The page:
Tom Brady has had one of the most storied careers in NFL history. With Brady set to turn 40 on Aug. 3, Shutdown Corner is counting down the 40 most memorable moments from Brady’s career, on and off the field.
10. Brady gets his second Super Bowl ring
The Patriots shocked the NFL when they upset the St. Louis Rams in Super Bowl XXXVI, and then had some wondering if they were just a flash in the pan when they went 9-7 and missed the playoffs in 2002.
But in 2003, New England not only got back into the tournament, it built the next step in a dynasty that continues to this day.
A 14-2 regular season bookended by games against the Buffalo Bills – the first a 31-0 loss, the second a 31-0 win – preceded postseason wins against the Tennessee Titans and Indianapolis Colts, setting up a Super Bowl date with the Carolina Panthers.
The Patriots led by four at halftime, and by 11 early in the fourth. Carolina scored three touchdowns in a little more than 10 minutes (though two two-point conversions failed) and the teams were tied 29-29 with 1:08 to play.
Starting from his own 40 after Panthers kicker John Kasay put a kickoff out of bounds, Brady completed four of five passes for 47 yards, even overcoming an offensive pass interference call to give Adam Vinatieri a 41-yard field-goal attempt for the franchise’s second championship. Vinatieri delivered, and Brady, who had thrown for 354 yards, three touchdowns and a pick, won his second Super Bowl MVP.
9. Brady maintains innocence in crazy deflate-gate news conference
Surreal. If we had to sum this up in one word, it would be surreal. There were seven live television trucks in the Gillette Stadium parking lot. Well over 100 media members from local and national outlets crammed into the media workroom. And all for the air pressure in footballs.
On Jan. 22, 2015, Brady stood at a podium, a Patriots winter beanie on his head, and answered questions shouted at him for over 30 minutes.
Brady asserted his innocence in what’s now known as deflate-gate, said the team’s equipment guys told him they hadn’t altered the balls other than the (legal) scuffing he liked, and that he believes he has always played within the rules.
At one point, Brady showed how absurd the ordeal was, quipping, “This isn’t ISIS; no one is dying,” and cut off a reporter who kept interrupting him to try to get her question in.
It was … surreal.
8. Marrying Gisele
Does this look like a young man who would grow up to marry one of the most beautiful women in the world (obviously bad Photoshop job excluded)?
Good luck to the Celtics in the 2015 playoffs!
But somehow, the endearingly goofy kid from San Mateo, California, who grew up to become Tom Brady met and then married Gisele Bundchen. In case this is your first time logging onto the Internet, Gisele looks like this:
Gisele Feliz Dia Dos Namorados te amo muito
And even if she grew up watching futebol in her native Brazil and not football, Bundchen stands by her man, angrily defending Brady in the moments after the Patriots’ Super Bowl XLVI loss to the Giants.
What’s funny is that for as famous as Brady is here in the United States, in most other countries he’s “Gisele Bundchen’s husband.” In the modeling world, Gisele is arguably the G.O.A.T. herself.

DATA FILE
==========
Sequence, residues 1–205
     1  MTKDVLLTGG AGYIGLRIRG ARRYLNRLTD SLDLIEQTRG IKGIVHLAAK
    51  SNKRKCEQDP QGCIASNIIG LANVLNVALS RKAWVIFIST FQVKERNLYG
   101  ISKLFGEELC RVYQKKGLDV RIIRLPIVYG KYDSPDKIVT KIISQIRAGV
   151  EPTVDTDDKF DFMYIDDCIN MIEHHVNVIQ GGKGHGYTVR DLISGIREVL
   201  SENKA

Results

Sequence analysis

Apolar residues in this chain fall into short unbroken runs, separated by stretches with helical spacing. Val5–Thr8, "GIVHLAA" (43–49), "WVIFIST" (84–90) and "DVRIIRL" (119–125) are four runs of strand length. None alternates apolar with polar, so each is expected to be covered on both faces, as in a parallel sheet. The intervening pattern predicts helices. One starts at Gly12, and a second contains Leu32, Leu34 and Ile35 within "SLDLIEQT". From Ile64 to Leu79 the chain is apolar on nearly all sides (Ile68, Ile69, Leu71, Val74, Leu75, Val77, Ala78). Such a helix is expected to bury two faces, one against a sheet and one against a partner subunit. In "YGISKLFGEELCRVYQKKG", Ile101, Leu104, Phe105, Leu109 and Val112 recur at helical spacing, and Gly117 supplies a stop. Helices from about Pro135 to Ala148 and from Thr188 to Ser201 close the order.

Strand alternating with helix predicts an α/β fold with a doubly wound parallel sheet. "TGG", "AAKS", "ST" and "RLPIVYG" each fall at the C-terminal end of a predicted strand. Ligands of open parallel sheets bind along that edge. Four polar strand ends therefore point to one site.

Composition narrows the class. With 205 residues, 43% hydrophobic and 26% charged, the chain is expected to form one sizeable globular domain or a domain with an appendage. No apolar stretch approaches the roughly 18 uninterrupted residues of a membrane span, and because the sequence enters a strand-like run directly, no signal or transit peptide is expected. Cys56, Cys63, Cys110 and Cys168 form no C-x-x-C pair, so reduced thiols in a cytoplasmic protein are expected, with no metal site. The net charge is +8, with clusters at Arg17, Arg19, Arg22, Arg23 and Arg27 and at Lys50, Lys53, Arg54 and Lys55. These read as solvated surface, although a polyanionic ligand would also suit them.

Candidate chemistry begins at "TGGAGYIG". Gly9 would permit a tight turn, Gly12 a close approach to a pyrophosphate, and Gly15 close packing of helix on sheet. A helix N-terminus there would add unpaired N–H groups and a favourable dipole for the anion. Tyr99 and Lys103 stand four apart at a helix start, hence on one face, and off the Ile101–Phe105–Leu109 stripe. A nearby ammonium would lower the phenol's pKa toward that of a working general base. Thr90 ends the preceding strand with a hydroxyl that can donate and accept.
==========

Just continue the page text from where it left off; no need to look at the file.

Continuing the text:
7. Drew Bledsoe gets blasted by Mo Lewis, opening the door for the Brady era to begin
Though Drew Bledsoe likely doesn’t remember Sept. 23, 2001 as the same kind of milestone most members of the Patriots organization and fan base do, it is a day that changed the fate of the franchise.
That’s when New York Jets linebacker Mo Lewis drilled Bledsoe, then the Patriots’ franchise quarterback, on a fourth-quarter sideline hit. The tackle not only caused Bledsoe to briefly black out, it caused severe internal bleeding due to a severed blood vessel. Incredibly, Bledsoe briefly returned to the game after the hit, only to be rushed to Massachusetts General Hospital after the game. Team doctors thought Bledsoe might have had ruptured his spleen; he actually suffered a hemothorax, and nearly three liters of blood filled his chest.
On that day, Bill Belichick was in his second season as New England head coach and sporting just a 5-12 record in the job at that point. With Bledsoe down he was forced to turn to the team’s backup, second-year sixth-round pick Tom Brady.
Generally, starters don’t lose their job to injury, particularly after an injury as dangerous as the one Bledsoe suffered. It seems callous to let someone else keep the job you had to leave through no fault of your own. But once Bledsoe was healthy Belichick decided to stick with Brady, who took New England from an 0-2 start to its first Super Bowl title in a matter of weeks.
6. A 19-0 dream suddenly turns into 18-1
The day the New York Giants arrived at Phoenix Sky Harbor Airport in advance of Super Bowl XLII, they did so with players wearing all black – they were in town, they said, for a funeral.
The death of the Patriots’ 19-0 season.
It seemed fairly absurd at the time, a stunt staged by a plucky underdog. Brady even scoffed when told that New York receiver Plaxico Burress predicted a 23-17 final score in favor of the Giants.
The Giants defense battered Brady, attacking him through the middle of the line. He was sacked five times and pressured constantly, at one point seeming to duck away from pressure that wasn’t there.
Despite it all, Brady handed the New England defense a 14-10 lead with 2:42 to play. But thanks to one of the most spectacular catches the NFL has ever seen by David Tyree (still wondering how the play wasn’t whistled dead because Eli Manning appeared to be in the grasp of a couple of Patriots), the Giants scored the go-ahead touchdown. Brady was left with just 35 seconds to manufacture a miracle, and he couldn’t do it.
Understandably, he’s called the loss the toughest of his career.
5. “With the 199th pick of the 2000 NFL draft … “
Now, all these years later, they are the answer to a trivia question and the subject of an ESPN documentary: Who are the six quarterbacks chosen ahead of Tom Brady in the 2000 draft? The answer reads like a bad punch line: Chad Pennington. Giovanni Carmazzi. Chris Redman. Tee Martin. Marc Bulger. Spergon Wynn.